Today's Comment of the Day of the comes to us via a crooked path, delivered to us by a blindfolded robot. In response to a post on the difficulty humans have in walking a straight line blindfolded, commenter jshoer shares with us that robots have the same problem:

We encounter the same problem in robotic systems that rely on an inertial measurement unit (IMU), which measures the acceleration and rotation rate of a vehicle. IMUs are in all kinds of robotic navigation systems, from drones to spacecraft - not to mention smartphones. However, if the IMU is the only sensor going into a robot's control system, then any errors present will build up over time. Often, the position or orientation estimate built from IMU data looks like a random walk process. The bottom line is that the position and orientation of the vehicle will slowly drift off from where we want it to be and where we want it to point. We solve the problem of drift errors by adding sensors that measure an external reference: GPS, light sensors, radar, lidar, sonar, vision processing, and so on. You actually don't need those external references all the time; occasional, periodic "updates" are enough to correct the IMU performance sufficiently.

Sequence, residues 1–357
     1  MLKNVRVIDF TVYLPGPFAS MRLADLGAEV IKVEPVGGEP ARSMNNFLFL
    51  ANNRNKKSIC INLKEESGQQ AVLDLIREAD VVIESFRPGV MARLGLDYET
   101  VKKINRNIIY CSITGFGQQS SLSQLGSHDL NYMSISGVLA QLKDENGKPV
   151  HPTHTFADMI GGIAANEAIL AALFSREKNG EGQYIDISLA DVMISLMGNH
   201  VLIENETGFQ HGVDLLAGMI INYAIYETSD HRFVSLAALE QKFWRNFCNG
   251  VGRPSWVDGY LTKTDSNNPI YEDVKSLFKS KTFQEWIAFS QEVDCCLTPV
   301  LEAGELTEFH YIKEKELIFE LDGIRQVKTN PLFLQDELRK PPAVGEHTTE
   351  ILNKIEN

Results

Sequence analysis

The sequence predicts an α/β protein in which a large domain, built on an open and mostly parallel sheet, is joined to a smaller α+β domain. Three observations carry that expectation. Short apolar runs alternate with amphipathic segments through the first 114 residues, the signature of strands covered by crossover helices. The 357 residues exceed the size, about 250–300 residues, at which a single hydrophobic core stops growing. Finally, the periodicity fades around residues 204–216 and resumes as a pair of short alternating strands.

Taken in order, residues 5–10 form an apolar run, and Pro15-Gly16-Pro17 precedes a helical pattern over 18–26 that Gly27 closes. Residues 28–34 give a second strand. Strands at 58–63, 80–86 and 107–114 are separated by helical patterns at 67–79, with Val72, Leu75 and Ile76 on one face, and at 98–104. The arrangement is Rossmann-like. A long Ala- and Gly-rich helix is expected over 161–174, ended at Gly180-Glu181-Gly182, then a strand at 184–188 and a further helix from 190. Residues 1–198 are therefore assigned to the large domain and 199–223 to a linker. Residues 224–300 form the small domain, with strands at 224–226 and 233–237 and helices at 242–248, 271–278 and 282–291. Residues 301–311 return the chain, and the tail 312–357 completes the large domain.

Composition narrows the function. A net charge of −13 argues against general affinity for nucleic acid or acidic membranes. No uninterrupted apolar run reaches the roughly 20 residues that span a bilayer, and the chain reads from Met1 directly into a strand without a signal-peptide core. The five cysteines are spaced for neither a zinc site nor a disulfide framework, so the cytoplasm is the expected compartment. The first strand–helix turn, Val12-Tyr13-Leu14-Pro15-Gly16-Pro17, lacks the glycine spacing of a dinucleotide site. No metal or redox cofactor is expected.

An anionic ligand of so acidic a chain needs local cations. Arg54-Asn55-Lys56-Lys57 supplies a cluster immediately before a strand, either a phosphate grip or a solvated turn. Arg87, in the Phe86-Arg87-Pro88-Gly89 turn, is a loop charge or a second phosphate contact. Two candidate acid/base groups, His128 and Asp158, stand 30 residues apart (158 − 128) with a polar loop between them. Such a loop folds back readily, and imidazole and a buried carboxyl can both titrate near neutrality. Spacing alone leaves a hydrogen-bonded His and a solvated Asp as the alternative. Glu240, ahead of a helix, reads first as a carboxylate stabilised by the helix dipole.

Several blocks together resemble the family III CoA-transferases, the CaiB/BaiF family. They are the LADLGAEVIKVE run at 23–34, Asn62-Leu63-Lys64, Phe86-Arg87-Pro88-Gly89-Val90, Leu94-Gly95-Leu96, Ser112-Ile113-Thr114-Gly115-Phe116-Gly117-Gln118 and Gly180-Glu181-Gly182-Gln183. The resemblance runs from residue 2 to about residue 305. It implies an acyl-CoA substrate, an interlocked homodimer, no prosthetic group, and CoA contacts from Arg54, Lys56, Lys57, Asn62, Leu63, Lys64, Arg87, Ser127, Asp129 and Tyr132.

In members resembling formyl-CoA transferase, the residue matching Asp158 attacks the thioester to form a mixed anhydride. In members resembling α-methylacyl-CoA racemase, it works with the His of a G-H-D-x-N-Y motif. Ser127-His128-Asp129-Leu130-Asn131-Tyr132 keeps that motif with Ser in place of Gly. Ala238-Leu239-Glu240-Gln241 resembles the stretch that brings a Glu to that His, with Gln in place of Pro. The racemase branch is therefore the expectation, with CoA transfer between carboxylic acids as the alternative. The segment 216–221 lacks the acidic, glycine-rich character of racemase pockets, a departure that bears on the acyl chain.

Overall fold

I'm not surprised that when a human shuts off their external references and goes by inner ear alone, the same thing happens! 24 minutes ago

Robots! They're just like you and me.

Image: Ociacia / Shutterstock